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I found a post here were someone managed to read information from a file and sort out the most commonly used words and return how many times each word was used. The input was from a command line argument but I want to get the same script to be executed and then take the filename to be run through the script as input. I can't find what I'm doing wrong.

print "Type the name of the file: ";
chomp(my $file = <>);

open (FILE, "$file") or die;

while (<FILE>){
    $seen{$_}++ for split /\W+/;
}

my $count = 0;
for (sort {
    $seen{$b} <=> $seen{$a}
              ||
       lc($a) cmp lc($b)
              ||
          $a  cmp  $b
} keys %seen)
{
    next unless /\w/;
    printf "%-20s %5d\n", $seen{$_}, $_;
    last if ++$count > 100;
}
close (FILE);

My result at the moment is:

15                       0
15                       0
10                       0
10                       0
10                       0
5                        1
5                        0
5                        0
5                        0
5                        0

The result I want is:

<word>             <number of occurances>
<word>             <number of occurances>
<word>             <number of occurances>
<word>             <number of occurances>
<word>             <number of occurances>
<word>             <number of occurances>
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5  
It'd be helpful if you told us HOW this is not working. –  Marc B Oct 10 '12 at 16:21
    
This program hasn't produced the output you show: there is no way the counts in %seen can be zero. But apart from being poor-quality Perl your program works fine. Try it with a different input file –  Borodin Oct 10 '12 at 16:54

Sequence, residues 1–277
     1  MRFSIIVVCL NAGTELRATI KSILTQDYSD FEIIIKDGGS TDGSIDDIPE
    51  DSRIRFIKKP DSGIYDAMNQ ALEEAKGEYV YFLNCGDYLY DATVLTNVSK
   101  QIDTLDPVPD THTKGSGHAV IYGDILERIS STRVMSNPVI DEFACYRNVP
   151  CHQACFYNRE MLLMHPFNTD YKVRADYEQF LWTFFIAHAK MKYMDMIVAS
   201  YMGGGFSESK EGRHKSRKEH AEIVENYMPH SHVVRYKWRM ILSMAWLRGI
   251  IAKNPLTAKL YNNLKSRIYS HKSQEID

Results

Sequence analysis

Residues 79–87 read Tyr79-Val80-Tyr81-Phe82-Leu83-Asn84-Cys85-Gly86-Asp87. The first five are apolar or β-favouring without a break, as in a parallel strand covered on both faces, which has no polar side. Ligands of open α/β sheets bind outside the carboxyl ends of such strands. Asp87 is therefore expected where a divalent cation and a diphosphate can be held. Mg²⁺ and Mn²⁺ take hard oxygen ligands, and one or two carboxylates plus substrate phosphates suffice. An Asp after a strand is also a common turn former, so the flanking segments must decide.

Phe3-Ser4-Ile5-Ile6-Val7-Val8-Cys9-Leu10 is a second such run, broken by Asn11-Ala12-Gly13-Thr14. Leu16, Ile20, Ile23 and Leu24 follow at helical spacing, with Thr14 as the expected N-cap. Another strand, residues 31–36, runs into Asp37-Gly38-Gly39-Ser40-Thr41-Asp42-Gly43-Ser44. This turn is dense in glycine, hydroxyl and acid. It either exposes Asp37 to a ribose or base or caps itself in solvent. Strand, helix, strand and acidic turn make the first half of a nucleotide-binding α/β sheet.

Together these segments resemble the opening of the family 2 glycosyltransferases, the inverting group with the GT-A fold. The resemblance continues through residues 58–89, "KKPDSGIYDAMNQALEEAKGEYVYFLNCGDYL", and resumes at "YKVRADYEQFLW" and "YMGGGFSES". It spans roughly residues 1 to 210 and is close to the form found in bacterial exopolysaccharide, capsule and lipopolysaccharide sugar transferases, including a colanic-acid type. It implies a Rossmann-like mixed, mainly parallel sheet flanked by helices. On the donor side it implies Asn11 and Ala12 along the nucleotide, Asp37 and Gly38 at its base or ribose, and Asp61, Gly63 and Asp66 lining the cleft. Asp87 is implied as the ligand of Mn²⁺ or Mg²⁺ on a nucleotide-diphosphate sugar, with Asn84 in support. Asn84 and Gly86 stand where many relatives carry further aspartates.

3 Answers 3

The line

printf "%-20s %5d\n", $seen{$_}, $_;

is the reverse of what you intended. $_ is a string, and $seen{$_} is the count of how many times $_ appears in the text (a number), so you want to say either

printf "%-20s %5d\n", $_, $seen{$_};

or

printf "%5d %-20s\n", $seen{$_}, $_;
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Ah, thanks. That did it. –  John Oct 10 '12 at 18:01
    
@John: If it has solved your problem then please consider to mark the answer as "Accepted". –  Chankey Pathak Oct 11 '12 at 4:12

Two things:

  1. You are reading the user entered file input into the variable $seen instead of $file.

  2. You need to chomp your the input that you receive to get rid of the trailing newlin:

    my $file= <>;
    chomp($file);
    

    or the short form:

    chomp(my $file = <>);
    
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Thanks, added the chomp but it didn't change the output –  John Oct 10 '12 at 16:35

In the second line you want to put the name of the file to open into $file, not $seen. So:

chomp(my $file = <>);

The chomp gets rid of the newline at the end (from pressing enter).

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Ah, thanks, Ive changed the script so many times I don't know whats what anymore. –  John Oct 10 '12 at 16:29

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